Quarters- Using quarters is a pretty easy way to get an idea of the angle in which you will want to hold your blade when drawing the knife across the stone. The idea being that you stack a certain number of quarters depending on the height of your blade and the angle in which you wish to bevel the edge. Stacking the quarters on the stone and resting the spine on the edge of the top quarter will give you a pretty good idea of how the angle should feel and look like when you are drawing the knife across the stone. There are varying opinions on the math behind the use of quarters, but I did a little bit of testing and came up with 8 quarters for the 1.5” tall blade on my primary field knife when sharpening to 22.5 degrees. The Leatherman pocket tool I carry has a ½” tall blade which necessitates 3 quarters for the same angle. Experiment a bit with your knives to determine the right stack height for your blade. Once you get a good feel for the bevel angle, you can get to work.
Wood wedge- While not everyone has a spare miter saw in the garage, making your own blade guide can be pretty easy. Find a square piece of scrap wood around 2”x 2”. Using a good 90 degree corner of the piece, draw a diagonal line from one corner to the other. That will be (roughly) 45 degrees. Draw another line from the bottom tip to the vertical halfway point off the base and that should be around 22.5 degrees. Cut along the second line and voila! You’ve got your very own blade guide. Place your handy dandy new tool on the stone and rest your blade on it, with the edge of the blade on the stone itself. You can use the block while drawing the blade across the stone, but I would recommend just using it as a reference guide. You can add or remove more angle on the wood to create guides for the desired angles for all of your tools.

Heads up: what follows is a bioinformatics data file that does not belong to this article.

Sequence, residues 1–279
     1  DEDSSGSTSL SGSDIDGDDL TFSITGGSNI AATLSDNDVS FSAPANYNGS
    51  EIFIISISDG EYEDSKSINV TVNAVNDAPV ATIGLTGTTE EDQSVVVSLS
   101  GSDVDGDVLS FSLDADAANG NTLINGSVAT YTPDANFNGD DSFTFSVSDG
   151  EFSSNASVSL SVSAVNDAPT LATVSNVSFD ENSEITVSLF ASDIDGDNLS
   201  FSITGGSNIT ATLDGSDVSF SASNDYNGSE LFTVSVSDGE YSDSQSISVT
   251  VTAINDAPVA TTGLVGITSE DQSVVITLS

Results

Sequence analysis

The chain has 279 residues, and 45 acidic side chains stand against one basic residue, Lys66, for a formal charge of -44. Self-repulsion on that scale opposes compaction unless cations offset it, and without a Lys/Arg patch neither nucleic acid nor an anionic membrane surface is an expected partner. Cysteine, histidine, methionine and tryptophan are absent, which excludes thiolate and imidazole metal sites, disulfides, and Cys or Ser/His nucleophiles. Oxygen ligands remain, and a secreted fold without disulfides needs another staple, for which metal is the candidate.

Folded paper- You can easily make your own paper guide by folding a square piece of paper diagonally, thus creating a 45 degree angle. Fold the paper again to create a 22.5 degree angle. Use the paper as a reference guide for your bevel angle.
Now that you know how to find the right angle, let’s discuss stone selection. If you choose to use a stone as your primary sharpening method, you may feel a bit overwhelmed when you start shopping for them. A good education can usually be found at your local knife shop, but I will try to break it down for you here:
Arkansas stones- My preferred stones, these are a natural stone that is processed from bigger Novaculite rocks in Arkansas. With varying grits, these stones can be used to restore a very dull blade into a razor sharp tool. While these stones will give you years of service, they do wear and require flattening from time to time. It is strongly recommended to use oil with these stones, but I have used water with them for many years with no negative effects. Maybe I will have to use oil for a while to see how it works out, but only if I can use my trusty veggie oil!